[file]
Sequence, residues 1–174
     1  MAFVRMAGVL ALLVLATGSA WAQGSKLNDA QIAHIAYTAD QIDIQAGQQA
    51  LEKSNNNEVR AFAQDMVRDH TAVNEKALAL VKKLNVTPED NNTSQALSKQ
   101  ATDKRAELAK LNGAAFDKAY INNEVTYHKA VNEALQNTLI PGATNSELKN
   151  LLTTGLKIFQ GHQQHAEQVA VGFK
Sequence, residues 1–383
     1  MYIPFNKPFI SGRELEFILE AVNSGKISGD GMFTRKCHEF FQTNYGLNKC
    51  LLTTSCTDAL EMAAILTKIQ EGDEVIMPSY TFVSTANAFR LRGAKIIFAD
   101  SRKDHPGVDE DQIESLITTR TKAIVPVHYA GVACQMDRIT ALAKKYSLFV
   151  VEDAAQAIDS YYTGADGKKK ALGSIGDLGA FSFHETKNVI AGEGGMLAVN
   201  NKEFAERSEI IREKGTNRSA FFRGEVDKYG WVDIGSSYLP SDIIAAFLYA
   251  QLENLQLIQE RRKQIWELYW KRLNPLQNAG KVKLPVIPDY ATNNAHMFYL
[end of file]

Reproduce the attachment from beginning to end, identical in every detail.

Sequence, residues 1–174
     1  MAFVRMAGVL ALLVLATGSA WAQGSKLNDA QIAHIAYTAD QIDIQAGQQA
    51  LEKSNNNEVR AFAQDMVRDH TAVNEKALAL VKKLNVTPED NNTSQALSKQ
   101  ATDKRAELAK LNGAAFDKAY INNEVTYHKA VNEALQNTLI PGATNSELKN
   151  LLTTGLKIFQ GHQQHAEQVA VGFK
Sequence, residues 1–383
     1  MYIPFNKPFI SGRELEFILE AVNSGKISGD GMFTRKCHEF FQTNYGLNKC
    51  LLTTSCTDAL EMAAILTKIQ EGDEVIMPSY TFVSTANAFR LRGAKIIFAD
   101  SRKDHPGVDE DQIESLITTR TKAIVPVHYA GVACQMDRIT ALAKKYSLFV
   151  VEDAAQAIDS YYTGADGKKK ALGSIGDLGA FSFHETKNVI AGEGGMLAVN
   201  NKEFAERSEI IREKGTNRSA FFRGEVDKYG WVDIGSSYLP SDIIAAFLYA
   251  QLENLQLIQE RRKQIWELYW KRLNPLQNAG KVKLPVIPDY ATNNAHMFYL